This is the last recipe in the Griddle Cakes & Pancakes part of the Teatimechapter – and it was one I have been looking forward to; I am from the West Riding of Yorkshire (a place called Pudsey, which is nestled between Leeds and Bradford), but I had never heard of Yorkshire oatcakes or ‘riddle bread’ until I thumbed through English Food. In Jane’s introduction she described a letter from one of her readers who complained of the difficulties of purchasing oats in Liverpool. The reader, who was from Yorkshire originally, really missed her riddle bread and wished she could get hold of some. How odd that in the 1970s people could not buy oats in the North of England!? It’s the one cereal crop that loves bleak and damp climes and was grown in abundance in Lancashire, Yorkshire and the rest of Northern England and Scotland.
Oats are considered a superfood these days and are widely available, though fine oatmeal is required in this recipe, which can be tricky to get hold of. I wonder if this was what Jane’s Liverpool writer was after. You are unlikely to find it in supermarkets, but some health food shops might stock it. I found some online at a reasonable price.
I am a huge fan of oats in all forms (however, see below) and really love the Derbyshire oatcake: a large soft, slightly rubbery disc that can be eaten like a pancake, rolled up dripping with butter and sugar. I assumed riddle bread would be the same, but no.
Jane gives detailed instructions on how to make the riddle bread, according to her it made from a batter of fine oatmeal, yeast, salt and water which is quickly ladled and flung in strips across a hot bakestone (or bakstone, if you want to use proper dialect). This produces a pancake with a smooth underside and a bumpy upper side ‘riddled’ with holes. The strips would be hung up before the fire in a wickerwork basket called a creel, or in a kitchen so that they could dry out and be sprinkled into soup. As often with these traditional recipes, it is hard to picture what the technique used actually is, so I cross referenced. Jane usually credits her sources, and she found out about this method in a very good book called Good Things in England, written by Florence White in the 1920s, but there was no extra information to be gleaned.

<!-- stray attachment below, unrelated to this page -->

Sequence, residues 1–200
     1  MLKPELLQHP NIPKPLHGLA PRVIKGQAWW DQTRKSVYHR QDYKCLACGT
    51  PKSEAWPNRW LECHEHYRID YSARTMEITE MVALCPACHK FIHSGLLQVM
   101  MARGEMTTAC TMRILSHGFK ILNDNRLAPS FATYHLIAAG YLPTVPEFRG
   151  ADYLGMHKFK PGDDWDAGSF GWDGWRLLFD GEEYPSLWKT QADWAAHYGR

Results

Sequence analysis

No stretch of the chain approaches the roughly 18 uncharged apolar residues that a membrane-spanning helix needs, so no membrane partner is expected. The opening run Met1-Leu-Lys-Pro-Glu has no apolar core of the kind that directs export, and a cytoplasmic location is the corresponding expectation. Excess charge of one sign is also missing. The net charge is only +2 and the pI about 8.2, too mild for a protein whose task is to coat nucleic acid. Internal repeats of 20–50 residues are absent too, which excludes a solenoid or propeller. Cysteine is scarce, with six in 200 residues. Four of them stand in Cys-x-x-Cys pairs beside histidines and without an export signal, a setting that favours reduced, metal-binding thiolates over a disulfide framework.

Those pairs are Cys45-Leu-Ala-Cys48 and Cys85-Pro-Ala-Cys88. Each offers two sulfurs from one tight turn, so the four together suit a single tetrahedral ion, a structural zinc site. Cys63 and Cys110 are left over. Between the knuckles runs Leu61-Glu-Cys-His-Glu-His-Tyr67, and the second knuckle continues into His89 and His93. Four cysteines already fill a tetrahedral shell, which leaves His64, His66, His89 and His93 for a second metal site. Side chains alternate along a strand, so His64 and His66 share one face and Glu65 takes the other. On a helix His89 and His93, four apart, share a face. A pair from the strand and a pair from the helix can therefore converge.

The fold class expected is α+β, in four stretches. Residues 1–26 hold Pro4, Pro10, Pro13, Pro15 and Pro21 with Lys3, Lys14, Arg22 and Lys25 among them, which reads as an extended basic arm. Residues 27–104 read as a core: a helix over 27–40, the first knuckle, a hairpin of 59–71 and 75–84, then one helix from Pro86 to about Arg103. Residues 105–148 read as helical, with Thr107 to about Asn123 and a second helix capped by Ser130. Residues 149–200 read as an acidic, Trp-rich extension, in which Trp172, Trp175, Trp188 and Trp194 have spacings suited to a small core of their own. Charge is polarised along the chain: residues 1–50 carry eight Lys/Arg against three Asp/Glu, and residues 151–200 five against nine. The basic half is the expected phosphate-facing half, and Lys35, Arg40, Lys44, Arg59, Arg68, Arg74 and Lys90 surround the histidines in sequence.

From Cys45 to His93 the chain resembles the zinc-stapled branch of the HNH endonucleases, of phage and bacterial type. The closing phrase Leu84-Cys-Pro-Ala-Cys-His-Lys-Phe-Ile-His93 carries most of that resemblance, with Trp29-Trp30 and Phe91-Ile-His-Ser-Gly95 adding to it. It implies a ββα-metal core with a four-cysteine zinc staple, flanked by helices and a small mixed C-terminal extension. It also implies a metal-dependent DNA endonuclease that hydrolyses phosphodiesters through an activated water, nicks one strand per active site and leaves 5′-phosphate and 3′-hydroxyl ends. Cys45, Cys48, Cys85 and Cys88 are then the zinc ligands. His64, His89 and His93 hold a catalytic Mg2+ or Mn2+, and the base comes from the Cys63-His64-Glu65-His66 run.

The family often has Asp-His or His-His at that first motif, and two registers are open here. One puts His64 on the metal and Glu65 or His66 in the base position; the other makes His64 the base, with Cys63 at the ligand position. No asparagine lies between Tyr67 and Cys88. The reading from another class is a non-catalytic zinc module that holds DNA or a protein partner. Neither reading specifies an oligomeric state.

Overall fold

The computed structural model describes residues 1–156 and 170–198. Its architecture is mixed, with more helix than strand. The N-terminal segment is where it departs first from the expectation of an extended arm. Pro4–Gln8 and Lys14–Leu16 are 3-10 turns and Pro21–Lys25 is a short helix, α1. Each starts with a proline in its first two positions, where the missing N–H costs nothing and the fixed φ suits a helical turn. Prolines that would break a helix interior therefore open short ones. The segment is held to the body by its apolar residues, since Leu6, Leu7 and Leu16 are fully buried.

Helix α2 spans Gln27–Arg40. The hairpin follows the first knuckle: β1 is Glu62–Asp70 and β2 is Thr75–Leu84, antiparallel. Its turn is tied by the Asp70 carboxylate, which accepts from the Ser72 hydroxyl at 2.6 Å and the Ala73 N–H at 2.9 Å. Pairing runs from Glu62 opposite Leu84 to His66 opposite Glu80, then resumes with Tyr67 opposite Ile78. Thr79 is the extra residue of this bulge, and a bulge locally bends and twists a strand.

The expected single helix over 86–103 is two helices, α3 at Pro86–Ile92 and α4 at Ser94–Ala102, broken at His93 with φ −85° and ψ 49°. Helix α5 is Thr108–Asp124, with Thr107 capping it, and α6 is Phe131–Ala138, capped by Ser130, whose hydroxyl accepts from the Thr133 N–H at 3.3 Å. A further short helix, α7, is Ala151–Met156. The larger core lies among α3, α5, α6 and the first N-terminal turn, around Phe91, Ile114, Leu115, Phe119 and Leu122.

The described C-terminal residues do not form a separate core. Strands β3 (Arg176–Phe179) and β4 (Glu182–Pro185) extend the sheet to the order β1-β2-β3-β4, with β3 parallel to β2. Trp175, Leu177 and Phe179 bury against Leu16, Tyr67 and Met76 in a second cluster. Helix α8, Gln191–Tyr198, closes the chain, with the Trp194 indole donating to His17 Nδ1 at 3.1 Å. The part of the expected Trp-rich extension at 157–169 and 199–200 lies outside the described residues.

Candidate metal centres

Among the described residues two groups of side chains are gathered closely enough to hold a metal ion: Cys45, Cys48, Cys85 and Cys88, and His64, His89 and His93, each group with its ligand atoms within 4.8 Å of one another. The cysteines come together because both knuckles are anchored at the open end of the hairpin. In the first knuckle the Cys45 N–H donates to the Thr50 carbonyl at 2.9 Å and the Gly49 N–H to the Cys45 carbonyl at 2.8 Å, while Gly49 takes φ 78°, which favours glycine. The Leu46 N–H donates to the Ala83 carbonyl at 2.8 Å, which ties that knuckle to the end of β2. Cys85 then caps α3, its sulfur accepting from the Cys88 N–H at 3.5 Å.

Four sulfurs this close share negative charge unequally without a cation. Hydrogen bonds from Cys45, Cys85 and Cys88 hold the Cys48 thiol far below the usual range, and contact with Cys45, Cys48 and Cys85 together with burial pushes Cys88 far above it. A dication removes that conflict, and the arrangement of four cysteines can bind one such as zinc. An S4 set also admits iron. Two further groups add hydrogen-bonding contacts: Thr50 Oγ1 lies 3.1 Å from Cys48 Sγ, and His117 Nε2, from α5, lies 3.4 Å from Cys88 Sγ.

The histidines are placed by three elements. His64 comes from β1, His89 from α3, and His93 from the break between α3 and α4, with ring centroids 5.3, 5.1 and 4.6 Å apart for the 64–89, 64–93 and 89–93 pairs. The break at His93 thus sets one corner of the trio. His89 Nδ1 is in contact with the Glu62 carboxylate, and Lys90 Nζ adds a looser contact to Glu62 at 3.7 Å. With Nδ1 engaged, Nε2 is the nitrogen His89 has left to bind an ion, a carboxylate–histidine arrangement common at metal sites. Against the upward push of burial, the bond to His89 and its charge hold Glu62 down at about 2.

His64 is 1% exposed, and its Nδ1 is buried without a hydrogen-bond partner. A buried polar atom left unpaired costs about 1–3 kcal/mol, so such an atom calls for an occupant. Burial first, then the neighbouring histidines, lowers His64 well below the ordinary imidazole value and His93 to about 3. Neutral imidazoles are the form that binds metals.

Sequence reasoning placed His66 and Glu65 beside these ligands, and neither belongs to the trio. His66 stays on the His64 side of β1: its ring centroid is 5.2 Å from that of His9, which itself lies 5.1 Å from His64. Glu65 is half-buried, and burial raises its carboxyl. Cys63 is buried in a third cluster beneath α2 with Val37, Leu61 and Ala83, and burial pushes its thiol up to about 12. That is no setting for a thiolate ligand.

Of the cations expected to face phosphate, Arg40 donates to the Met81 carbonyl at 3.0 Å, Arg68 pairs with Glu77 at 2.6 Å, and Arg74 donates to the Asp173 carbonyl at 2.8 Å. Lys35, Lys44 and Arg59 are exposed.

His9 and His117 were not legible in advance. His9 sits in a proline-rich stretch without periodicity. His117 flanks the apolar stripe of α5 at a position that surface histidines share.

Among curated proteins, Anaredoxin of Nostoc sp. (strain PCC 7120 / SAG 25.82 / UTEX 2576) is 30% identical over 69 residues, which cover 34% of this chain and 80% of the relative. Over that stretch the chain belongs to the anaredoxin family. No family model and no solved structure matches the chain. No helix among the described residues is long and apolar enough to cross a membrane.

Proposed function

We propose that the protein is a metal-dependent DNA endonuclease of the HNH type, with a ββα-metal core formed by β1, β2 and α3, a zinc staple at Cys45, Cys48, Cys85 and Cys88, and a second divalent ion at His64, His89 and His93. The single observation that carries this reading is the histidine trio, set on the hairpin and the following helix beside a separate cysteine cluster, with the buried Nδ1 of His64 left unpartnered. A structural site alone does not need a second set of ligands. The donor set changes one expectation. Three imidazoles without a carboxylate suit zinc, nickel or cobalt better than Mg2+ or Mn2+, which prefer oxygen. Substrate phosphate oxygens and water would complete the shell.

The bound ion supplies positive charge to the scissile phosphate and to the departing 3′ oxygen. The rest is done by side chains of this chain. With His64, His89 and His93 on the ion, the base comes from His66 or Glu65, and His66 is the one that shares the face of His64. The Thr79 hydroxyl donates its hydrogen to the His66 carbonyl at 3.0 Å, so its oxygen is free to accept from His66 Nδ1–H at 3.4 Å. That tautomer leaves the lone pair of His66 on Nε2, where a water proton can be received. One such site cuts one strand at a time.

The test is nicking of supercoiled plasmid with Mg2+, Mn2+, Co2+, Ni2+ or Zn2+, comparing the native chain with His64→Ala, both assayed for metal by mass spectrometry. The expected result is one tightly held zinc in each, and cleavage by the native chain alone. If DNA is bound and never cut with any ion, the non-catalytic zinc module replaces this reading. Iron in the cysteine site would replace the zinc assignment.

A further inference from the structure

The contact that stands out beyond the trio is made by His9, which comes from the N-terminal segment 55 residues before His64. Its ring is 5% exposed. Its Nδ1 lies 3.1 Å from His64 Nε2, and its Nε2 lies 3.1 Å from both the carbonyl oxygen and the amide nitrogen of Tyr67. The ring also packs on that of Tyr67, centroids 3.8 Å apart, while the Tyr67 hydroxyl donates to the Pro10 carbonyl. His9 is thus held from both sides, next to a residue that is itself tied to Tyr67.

The odd thing is I cannot find another method for making this riddle bread that matches Jane and Florence’s description. All other sources describe a batter that is shaken upon a chequerboard-like griddle to spread it out and hasten the cooking process, similar to the process of riddling corn, hence ‘riddle’ bread. They could be eaten straight away with plenty of butter like a crumpet or pikelet. This seemed a much easier way of doing things, but, alas, I have to follow Jane’s instruction, so here goes:
With a fork, cream half an ounce of fresh yeast in a little just-warm water and allow to froth. As you wait, mix together in a bowl a pound of fine oatmeal and a ‘scant’ teaspoon ofsalt. When it has attained a decent head, tip into the oatmeal and whisk in enough warm water to make a batter the thickness of double cream.
Get a cast iron bakestone or griddle on the heat and brush with very little oilor lard. Test the heat with a drop of batter; if it puffs up quickly, it is hot enough. Cast a ladleful of the batter across the bakestone in one swift stroke (this may require a few test flings). If you have the heat of the stone right, it will bubble up all around the edges.
Once the top has lost its rawness, it can be removed and dried out. Jane suggests doing this on string or clothes rails. I found this impossible to do; the lack of gluten in the oats made somewhat brittle pancakes. Instead, I just placed them on drying racks in the oven on a very low heat until dry.
Now the little strips of riddle bread ‘can be used for soups, fish, fowl, cheese, butter, or any other kind of meat in place of any other kind of bread or biscuit.’ My strips were withered sploshes, I’m sure, compared to the foot long ones prepared in bakeries of yore.